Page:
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Kiesewetter, Jan ORCID logoORCID: https://orcid.org/0000-0001-8165-402X; Hege, Inga ORCID logoORCID: https://orcid.org/0000-0003-4335-5162; Sailer, Michael ORCID logoORCID: https://orcid.org/0000-0001-6831-5429; Bauer, Elisabeth ORCID logoORCID: https://orcid.org/0000-0003-4078-0999; Schulz, Claudia ORCID logoORCID: https://orcid.org/0000-0002-2569-7065; Platz, Manfred ORCID logoORCID: https://orcid.org/0000-0002-2121-1347 and Adler, Martin ORCID logoORCID: https://orcid.org/0000-0002-4564-5668 (2022): Implementing Remote Collaboration in a Virtual Patient Platform: Usability Study. In: Jmir Medical Education, Vol. 8, No. 3 [PDF, 503kB]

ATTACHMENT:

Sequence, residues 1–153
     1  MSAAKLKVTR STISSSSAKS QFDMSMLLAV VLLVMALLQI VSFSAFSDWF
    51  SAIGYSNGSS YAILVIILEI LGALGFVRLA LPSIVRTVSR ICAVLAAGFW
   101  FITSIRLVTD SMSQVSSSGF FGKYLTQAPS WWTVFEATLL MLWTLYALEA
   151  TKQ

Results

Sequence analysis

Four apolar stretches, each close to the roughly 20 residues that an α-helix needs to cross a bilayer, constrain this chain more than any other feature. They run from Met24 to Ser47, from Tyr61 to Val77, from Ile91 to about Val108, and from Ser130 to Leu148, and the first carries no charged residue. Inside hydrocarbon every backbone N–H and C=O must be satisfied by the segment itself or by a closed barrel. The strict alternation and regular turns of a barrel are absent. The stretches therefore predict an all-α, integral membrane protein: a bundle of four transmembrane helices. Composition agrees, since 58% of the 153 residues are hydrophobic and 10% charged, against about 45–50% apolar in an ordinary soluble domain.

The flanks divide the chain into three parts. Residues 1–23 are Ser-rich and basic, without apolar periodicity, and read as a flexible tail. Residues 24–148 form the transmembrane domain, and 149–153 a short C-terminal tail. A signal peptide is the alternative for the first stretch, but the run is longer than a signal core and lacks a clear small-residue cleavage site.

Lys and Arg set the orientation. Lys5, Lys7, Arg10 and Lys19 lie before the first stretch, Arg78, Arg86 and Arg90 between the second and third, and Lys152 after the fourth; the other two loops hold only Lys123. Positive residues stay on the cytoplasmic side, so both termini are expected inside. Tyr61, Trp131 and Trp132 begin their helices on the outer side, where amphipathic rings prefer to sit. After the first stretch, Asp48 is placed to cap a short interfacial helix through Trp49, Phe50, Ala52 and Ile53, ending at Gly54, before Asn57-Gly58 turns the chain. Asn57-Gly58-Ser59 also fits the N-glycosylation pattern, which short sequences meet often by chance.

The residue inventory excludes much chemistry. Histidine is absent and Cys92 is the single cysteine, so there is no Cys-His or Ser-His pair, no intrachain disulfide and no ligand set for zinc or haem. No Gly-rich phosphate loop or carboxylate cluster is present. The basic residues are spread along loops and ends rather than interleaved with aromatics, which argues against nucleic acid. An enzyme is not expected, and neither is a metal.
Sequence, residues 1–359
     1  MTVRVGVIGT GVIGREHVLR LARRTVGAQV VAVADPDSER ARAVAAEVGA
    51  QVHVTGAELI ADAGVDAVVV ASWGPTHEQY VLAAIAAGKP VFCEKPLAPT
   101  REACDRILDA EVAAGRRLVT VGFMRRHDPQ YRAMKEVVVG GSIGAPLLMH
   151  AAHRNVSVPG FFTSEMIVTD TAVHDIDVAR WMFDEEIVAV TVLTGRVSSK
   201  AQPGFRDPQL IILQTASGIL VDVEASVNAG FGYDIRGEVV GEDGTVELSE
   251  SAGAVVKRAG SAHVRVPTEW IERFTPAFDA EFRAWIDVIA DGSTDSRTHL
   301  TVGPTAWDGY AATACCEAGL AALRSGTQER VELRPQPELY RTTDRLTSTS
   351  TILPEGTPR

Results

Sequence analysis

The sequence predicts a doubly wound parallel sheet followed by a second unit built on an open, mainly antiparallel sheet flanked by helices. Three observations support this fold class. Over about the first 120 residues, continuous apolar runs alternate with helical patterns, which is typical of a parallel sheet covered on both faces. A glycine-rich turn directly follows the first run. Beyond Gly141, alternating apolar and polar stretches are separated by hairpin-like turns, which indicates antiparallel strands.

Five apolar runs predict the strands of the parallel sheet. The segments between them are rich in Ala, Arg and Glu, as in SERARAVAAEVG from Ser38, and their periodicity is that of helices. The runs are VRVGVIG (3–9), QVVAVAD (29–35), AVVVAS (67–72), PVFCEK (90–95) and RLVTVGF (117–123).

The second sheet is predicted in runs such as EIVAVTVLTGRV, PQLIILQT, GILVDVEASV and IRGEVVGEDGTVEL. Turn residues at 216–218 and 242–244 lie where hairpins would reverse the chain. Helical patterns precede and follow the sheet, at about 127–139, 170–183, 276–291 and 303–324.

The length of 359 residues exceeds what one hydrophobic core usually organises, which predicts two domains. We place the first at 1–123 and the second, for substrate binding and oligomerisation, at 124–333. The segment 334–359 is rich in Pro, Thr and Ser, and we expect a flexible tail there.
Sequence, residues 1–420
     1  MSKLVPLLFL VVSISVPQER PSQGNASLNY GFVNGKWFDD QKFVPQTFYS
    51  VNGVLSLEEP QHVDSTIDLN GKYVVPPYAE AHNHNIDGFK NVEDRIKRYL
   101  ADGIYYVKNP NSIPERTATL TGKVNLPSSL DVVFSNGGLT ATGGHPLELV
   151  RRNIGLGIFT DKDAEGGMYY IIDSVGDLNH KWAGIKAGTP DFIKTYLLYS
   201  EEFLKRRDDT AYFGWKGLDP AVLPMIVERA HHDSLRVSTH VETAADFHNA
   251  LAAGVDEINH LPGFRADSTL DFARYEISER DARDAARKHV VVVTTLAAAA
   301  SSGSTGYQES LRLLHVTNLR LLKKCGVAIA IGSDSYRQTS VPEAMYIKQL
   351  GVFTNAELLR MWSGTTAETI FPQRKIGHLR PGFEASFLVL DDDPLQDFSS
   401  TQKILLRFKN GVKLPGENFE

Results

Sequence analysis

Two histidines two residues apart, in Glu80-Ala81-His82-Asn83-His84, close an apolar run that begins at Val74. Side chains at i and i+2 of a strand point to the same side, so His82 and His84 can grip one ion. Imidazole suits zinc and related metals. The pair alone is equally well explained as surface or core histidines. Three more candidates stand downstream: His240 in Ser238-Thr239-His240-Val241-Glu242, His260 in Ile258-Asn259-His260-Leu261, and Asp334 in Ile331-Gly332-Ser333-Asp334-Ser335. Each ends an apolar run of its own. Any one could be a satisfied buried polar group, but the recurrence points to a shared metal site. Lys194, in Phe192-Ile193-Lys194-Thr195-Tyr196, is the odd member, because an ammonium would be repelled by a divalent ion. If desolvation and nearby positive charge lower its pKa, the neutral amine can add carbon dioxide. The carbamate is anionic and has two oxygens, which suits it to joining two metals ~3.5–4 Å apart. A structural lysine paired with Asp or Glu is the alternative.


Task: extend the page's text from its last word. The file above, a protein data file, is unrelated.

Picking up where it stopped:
Background: Learning with virtual patients is highly popular for fostering clinical reasoning in medical education. However, little learning with virtual patients is done collaboratively, despite the potential learning benefits of collaborative versus individual learning. Objective: This paper describes the implementation of student collaboration in a virtual patient platform. Our aim was to allow pairs of students to communicate remotely with each other during virtual patient learning sessions. We hypothesized that we could provide a collaborative tool that did not impair the usability of the system compared to individual learning and that this would lead to better diagnostic accuracy for the pairs of students. Methods: Implementing the collaboration tool had five steps: (1) searching for a suitable software library, (2) implementing the application programming interface, (3) performing technical adaptations to ensure high-quality connections for the users, (4) designing and developing the user interface, and (5) testing the usability of the tool in 270 virtual patient sessions. We compared dyad to individual diagnostic accuracy and usability with the 10-item System Usability Scale. Results: We recruited 137 students who worked on 6 virtual patients. Out of 270 virtual patient sessions per group (45 dyads times 6 virtual patients, and 47 students working individually times 6 virtual patients minus 2 randomly selected deleted sessions) the students made successful diagnoses in 143/270 sessions (53%, SD 26%) when working alone and 192/270 sessions (71%, SD 20%) when collaborating (P=.04,eta(2)=0.12). A usability questionnaire given to the students who used the collaboration tool showed a usability score of 82.16 (SD 1.31), representing a B+ grade. Conclusions: The collaboration tool provides a generic approach for collaboration that can be used with most virtual patient systems. The collaboration tool helped students diagnose virtual patients and had good overall usability. More broadly, the collaboration tool will provide an array of new possibilities for researchers and medical educators alike to design courses for collaborative learning with virtual patients.

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